Viral Infections Raise Risk of IPF But Not of Disease Worsening, Analysis Study Reports

Viral Infections Raise Risk of IPF But Not of Disease Worsening, Analysis Study Reports

Chronic viral infections caused by the Epstein-Barr virus (EBV), cytomegalovirus (CMV), human herpesvirus 7 (HHV7), and herpesvirus 8 (HHV8) increase the risk of idiopathic pulmonary fibrosis (IPF), but not of acute flares that mark disease worsening, according to data from a meta-analysis study.

The study, “Viral Infection Increases the Risk of Idiopathic Pulmonary Fibrosis: A Meta-analysis,” was published in the journal CHEST.

Although the origin of IPF is poorly understood, scientists believe the disease to be caused by a combination of genetic and environmental factors, including smoking, exposure to certain inhaled toxic substances (e.g., metal particles and wood dust), and microbial infections.

“Among these factors, the relationship between virus and IPF is widely investigated, and accumulating evidence implies that viral infections may play an important role in the initiation and exacerbation of IPF,” the scientists wrote. “However, the exact pathogenetic relationship between viral infection and IPF remains the subject of ongoing investigation.”

In this meta-analysis study, researchers at Huazhong University of Science and Technology in China and collaborators set out to investigate the possible relationship between viral infections and the development and aggravation of IPF.

The team did a search of six online databases, looking for studies focused on the relationship between viral infections and IPF that were published between 1984 and 2018.

Investigators eventually selected 20 case-control studies to be included in the final meta-analysis.

These studies contained data on 1,287 people (mean age of 59.75; 69% male) — 634 IPF patients and 653 healthy volunteers (controls) — from 10 countries.

Data on viral infections caused by 19 different species of virus were available for all IPF patients in these case-control studies.

Pooled data from all the studies found that viral infections increased by more than three times the risk of IPF. However, they did not increase the risk of disease worsening (exacerbations).

When looking at viral infections caused by a particular species of virus — namely EBV, CMV, HHV6, HHV7, and HHV8 — researchers found that all of them, with the exception of HHV6, were also associated with a greater likelihood of IPF.

Six of the 20 case-control studies also had data covering 174 IPF patients who had multiple viral infections. However, statistical analyses found no significant connection between such multiple infections and an increased risk of IPF, although more research here is needed.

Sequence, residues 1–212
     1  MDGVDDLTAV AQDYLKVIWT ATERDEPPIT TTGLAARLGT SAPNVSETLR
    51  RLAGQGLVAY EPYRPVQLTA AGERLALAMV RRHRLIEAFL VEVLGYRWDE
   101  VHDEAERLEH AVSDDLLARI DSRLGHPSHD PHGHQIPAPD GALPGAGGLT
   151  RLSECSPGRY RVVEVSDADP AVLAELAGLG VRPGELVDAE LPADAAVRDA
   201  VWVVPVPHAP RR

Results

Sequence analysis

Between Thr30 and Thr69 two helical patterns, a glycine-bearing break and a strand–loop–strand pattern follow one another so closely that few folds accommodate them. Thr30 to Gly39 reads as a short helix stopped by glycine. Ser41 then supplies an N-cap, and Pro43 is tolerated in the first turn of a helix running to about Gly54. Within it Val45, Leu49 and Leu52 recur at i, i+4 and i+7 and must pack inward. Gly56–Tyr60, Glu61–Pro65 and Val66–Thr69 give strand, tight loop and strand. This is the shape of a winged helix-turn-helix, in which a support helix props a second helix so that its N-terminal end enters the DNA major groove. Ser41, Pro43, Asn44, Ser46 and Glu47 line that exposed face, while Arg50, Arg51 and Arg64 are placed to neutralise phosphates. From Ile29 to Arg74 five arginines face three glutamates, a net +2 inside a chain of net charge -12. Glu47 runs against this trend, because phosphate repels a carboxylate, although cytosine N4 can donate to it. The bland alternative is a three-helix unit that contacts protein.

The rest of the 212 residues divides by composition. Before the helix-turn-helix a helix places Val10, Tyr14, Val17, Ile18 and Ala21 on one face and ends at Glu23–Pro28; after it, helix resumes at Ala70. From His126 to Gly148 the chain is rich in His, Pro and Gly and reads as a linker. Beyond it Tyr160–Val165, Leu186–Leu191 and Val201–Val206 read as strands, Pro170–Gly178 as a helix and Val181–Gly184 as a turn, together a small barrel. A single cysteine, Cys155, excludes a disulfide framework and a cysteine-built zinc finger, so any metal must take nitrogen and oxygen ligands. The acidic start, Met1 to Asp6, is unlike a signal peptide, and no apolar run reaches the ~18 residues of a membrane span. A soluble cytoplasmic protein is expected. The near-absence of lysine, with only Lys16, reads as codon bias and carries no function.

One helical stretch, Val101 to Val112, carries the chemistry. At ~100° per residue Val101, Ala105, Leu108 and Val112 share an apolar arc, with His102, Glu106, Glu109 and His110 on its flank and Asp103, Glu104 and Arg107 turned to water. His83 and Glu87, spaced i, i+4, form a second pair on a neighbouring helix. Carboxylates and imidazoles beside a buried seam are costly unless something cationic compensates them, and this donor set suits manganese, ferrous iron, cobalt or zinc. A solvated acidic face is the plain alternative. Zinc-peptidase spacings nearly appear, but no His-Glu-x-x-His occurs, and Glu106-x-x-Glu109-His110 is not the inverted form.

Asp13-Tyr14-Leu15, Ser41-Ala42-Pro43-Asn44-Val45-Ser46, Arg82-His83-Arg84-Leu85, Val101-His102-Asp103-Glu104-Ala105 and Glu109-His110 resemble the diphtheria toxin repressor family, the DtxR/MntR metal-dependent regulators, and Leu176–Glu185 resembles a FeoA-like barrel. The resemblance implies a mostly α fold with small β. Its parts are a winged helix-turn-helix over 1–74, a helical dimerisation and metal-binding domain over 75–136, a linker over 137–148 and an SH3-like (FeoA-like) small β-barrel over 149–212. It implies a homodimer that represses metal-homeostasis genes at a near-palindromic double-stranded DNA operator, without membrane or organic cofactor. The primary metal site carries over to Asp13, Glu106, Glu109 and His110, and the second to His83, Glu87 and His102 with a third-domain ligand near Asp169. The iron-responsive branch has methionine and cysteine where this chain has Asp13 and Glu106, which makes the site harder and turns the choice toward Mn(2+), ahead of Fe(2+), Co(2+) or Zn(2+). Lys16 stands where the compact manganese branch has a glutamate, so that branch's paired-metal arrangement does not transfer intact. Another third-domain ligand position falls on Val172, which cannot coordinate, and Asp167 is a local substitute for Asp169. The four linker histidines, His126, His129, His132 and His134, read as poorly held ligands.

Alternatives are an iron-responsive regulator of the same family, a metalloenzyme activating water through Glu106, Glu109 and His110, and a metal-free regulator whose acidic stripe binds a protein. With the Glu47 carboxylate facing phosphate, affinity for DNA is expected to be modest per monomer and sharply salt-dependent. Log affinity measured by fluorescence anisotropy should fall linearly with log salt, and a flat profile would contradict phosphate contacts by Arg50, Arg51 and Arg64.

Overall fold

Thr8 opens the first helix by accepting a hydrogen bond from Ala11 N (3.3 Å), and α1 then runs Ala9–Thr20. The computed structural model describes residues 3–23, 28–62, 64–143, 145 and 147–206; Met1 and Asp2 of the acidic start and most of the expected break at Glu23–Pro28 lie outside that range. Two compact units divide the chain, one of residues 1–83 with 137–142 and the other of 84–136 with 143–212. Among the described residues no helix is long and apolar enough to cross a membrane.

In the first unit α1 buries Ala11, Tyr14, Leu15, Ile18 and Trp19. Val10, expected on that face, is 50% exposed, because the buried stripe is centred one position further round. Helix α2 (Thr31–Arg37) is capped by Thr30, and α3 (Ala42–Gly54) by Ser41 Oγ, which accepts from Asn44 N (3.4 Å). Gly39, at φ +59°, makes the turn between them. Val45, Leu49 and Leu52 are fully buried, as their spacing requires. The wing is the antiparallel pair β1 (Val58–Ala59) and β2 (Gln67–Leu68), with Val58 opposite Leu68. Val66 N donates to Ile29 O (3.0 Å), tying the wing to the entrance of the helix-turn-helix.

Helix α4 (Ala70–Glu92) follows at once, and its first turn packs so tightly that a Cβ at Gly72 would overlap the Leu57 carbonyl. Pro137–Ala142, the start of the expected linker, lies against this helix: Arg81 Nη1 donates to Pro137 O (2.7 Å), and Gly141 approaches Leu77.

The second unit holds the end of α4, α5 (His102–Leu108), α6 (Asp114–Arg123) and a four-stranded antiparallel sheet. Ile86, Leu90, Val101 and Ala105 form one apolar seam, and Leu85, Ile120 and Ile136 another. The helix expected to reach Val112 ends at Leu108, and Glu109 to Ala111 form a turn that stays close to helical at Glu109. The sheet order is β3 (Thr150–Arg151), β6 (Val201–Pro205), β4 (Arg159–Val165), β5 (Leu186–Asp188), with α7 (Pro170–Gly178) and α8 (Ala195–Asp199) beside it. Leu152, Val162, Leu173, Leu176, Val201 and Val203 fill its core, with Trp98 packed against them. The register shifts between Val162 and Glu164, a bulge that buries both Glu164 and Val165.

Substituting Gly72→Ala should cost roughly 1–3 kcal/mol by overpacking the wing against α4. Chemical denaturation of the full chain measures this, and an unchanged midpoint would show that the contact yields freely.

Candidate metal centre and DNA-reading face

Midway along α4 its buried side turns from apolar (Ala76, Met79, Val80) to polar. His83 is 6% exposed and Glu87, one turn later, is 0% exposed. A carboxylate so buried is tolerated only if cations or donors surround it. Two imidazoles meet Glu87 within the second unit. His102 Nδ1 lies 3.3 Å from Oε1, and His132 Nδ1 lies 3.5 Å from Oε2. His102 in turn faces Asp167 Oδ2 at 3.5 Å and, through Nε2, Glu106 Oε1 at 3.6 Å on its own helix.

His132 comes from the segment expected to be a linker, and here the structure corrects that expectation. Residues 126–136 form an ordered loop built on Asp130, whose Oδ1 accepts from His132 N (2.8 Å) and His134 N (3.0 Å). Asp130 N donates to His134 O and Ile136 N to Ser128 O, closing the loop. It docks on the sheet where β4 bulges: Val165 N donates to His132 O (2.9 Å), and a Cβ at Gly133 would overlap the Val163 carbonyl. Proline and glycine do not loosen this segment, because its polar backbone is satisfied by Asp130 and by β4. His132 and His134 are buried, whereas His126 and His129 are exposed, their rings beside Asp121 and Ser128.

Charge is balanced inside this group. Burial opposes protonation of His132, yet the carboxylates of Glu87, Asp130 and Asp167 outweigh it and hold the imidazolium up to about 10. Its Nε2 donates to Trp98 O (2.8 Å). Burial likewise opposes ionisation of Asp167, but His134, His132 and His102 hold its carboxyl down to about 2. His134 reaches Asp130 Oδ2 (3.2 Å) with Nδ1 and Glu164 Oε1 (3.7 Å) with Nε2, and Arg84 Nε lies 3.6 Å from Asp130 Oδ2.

“The species and amount of viruses detected in different studies could result in bias, as humans are likely to harbor multiple persistent viruses without obvious symptoms throughout their lifetimes. Thus, further study are needed to detect more viruses in IPF patients in order to assess the effect of multiple viral infections on IPF,” the scientists wrote.

Viral infections and IPF onset is independent of a person’s age or gender, statistical analyses also showed.

“In conclusion, the presence of viral infections is associated with a significant increase in the risk of IPF, specifically for EBV, CMV, HHV7 and HHV8 infections. Our study supports the hypothesis that virus infection could play a key role in pathogenesis [development] of IPF,” the researchers concluded.

Joana is currently completing her PhD in Biomedicine and Clinical Research at Universidade de Lisboa. She also holds a BSc in Biology and an MSc in Evolutionary and Developmental Biology from Universidade de Lisboa. Her work has been focused on the impact of non-canonical Wnt signaling in the collective behavior of endothelial cells — cells that make up the lining of blood vessels — found in the umbilical cord of newborns.
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Patrícia holds her PhD in Medical Microbiology and Infectious Diseases from the Leiden University Medical Center in Leiden, The Netherlands. She has studied Applied Biology at Universidade do Minho and was a postdoctoral research fellow at Instituto de Medicina Molecular in Lisbon, Portugal. Her work has been focused on molecular genetic traits of infectious agents such as viruses and parasites.
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Joana is currently completing her PhD in Biomedicine and Clinical Research at Universidade de Lisboa. She also holds a BSc in Biology and an MSc in Evolutionary and Developmental Biology from Universidade de Lisboa. Her work has been focused on the impact of non-canonical Wnt signaling in the collective behavior of endothelial cells — cells that make up the lining of blood vessels — found in the umbilical cord of newborns.
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